Halloween is here and on Tuesday millions of children across America, and thousands in the central San Joaquin Valley, will be getting dressed in their favorite costumes to celebrate the return of this much-anticipated holiday. I can remember loving everything about Halloween as a child: Going from door to door in our neighborhood, collecting candy and treats, while glowing pumpkins lit up the streets. All to the squeals of children hurrying to the next house. These are some of my most treasured memories. How can it possibly get better? Well now, as a father, Halloween really has gotten that much better as I experience it through my children’s eyes. But, with this new found joy also comes a whole different set of feelings on Halloween night.
For moms and dads the dangers of Halloween go beyond candy concerns, especially when it comes to pedestrian safety. Unintentional pedestrian injuries are the fifth-leading cause of injury-related deaths in the United States for children ages 5 to 19. On Halloween specifically, children are twice as likely to be hit and killed by a vehicle than on any other day of the year. October ranks No. 2 in motor vehicle deaths with 3,550. The National Safety Council reports these deaths occurred when pedestrians failed to properly cross roads and intersections.
With this information in mind here are a few tips to remember as you head out for a fun filled evening of trick or treating.
▪ “Be safe, be seen.” Carry a flashlight and give children a glow necklace to wear or find a place to apply reflective tape on their costumes.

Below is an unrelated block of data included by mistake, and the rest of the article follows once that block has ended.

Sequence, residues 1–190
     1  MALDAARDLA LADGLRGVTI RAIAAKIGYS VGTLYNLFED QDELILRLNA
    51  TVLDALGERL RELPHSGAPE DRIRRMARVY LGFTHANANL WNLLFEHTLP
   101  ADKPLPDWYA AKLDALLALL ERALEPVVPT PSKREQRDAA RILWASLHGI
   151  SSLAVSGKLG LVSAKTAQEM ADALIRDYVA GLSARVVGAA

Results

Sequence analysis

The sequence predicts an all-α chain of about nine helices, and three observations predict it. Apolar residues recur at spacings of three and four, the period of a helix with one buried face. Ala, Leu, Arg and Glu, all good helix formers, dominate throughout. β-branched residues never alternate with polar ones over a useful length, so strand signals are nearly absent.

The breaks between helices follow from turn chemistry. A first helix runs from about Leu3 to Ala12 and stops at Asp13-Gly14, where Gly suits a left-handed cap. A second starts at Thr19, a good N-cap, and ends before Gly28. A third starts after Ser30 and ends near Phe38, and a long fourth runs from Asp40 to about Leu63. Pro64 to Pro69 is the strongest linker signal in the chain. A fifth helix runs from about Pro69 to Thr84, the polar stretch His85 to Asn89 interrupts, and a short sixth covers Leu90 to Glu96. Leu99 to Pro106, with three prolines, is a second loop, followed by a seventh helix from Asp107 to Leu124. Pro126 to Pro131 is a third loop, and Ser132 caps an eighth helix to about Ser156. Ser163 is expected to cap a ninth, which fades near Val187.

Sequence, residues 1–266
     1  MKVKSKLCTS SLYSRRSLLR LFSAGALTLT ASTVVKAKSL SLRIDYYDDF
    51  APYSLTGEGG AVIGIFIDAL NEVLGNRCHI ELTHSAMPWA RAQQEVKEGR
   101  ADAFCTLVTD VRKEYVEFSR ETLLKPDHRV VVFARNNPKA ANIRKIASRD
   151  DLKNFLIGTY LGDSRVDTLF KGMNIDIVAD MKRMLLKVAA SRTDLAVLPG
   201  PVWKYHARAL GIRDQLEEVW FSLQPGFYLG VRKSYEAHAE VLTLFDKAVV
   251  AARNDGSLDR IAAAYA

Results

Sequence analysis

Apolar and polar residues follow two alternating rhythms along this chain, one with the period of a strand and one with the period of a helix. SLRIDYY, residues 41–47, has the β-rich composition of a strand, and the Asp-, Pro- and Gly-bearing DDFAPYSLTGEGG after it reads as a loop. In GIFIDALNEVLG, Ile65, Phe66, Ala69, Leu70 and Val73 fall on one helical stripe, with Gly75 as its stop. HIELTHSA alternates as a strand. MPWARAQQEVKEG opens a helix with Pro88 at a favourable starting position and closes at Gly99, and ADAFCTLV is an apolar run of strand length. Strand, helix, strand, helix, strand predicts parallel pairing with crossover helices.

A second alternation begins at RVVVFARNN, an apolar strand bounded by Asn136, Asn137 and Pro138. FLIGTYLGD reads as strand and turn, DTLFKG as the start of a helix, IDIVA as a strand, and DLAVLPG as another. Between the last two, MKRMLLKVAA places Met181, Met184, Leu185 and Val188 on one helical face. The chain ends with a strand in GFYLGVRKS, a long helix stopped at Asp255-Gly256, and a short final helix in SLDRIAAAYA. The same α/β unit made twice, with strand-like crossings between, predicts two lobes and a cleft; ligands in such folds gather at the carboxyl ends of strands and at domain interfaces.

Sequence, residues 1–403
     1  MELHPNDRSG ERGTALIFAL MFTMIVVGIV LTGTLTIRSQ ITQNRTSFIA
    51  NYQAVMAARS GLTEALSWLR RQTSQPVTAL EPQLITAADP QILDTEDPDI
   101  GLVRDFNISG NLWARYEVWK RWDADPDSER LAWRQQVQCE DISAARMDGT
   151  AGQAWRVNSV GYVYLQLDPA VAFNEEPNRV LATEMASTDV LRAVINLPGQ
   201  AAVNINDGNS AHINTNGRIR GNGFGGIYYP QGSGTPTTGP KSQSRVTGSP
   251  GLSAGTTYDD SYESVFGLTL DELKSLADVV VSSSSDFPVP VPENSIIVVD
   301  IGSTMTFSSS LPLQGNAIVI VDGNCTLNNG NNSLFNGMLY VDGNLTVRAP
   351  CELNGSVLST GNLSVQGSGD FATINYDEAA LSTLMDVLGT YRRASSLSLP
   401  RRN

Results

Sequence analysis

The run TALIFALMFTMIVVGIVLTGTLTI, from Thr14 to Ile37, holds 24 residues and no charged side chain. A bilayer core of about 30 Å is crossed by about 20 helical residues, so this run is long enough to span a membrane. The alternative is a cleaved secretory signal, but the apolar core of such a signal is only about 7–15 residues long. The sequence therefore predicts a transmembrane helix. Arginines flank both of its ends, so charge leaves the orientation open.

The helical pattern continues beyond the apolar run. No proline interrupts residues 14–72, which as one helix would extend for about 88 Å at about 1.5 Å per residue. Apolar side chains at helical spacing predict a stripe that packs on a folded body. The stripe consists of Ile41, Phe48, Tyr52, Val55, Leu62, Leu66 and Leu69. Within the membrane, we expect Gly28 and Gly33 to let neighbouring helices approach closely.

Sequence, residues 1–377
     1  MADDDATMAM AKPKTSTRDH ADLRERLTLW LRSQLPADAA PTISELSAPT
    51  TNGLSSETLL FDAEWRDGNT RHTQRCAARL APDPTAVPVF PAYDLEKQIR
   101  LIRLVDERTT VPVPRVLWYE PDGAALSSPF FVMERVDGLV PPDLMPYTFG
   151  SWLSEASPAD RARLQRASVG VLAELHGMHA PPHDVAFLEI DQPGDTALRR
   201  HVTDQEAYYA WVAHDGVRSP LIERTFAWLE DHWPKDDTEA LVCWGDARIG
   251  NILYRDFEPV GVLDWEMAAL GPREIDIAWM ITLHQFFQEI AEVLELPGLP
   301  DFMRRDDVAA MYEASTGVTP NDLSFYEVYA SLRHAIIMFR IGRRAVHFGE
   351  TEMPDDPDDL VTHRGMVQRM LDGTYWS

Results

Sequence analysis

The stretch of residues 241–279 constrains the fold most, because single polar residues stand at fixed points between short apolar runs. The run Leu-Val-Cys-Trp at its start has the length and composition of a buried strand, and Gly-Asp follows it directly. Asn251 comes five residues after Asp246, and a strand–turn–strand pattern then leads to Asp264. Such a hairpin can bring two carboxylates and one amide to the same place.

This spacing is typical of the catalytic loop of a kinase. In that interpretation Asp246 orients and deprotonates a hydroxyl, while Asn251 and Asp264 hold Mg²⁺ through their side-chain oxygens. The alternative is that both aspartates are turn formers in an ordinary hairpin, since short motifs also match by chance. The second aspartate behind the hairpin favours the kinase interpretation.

▪ Follow the rules of the road. Always cross the street at corners using traffic signals and crosswalks.
▪ Look in each direction before crossing. Be sure to look left, right, and left again before crossing the road. Be alert at all times.
As a father and member of the CHP, I would like your family to enjoy the night safely. Remember safety is everyone’s responsibility. If your plans don’t include trick or treating, and you will be driving instead, please be extra cautious. Plan ahead, anticipate heavy pedestrian traffic and remember California law requires you activate your vehicle’s headlights 30 minutes after sunset. On Tuesday, sunset is scheduled for 6:02 p.m. which means your vehicle’s headlights must be activated no later than 6:32 p.m. to be in compliance with the law. Also by activating your vehicle’s headlights early you will have the ability to spot trick or treaters from a greater distance.
We all want to avoid tragedy, so please keep these tips in mind when traveling by foot or automobile this Halloween. When we all work together as a community great things happen. Let’s make sure 2017 is a safe year for children to enjoy this fun and exciting holiday.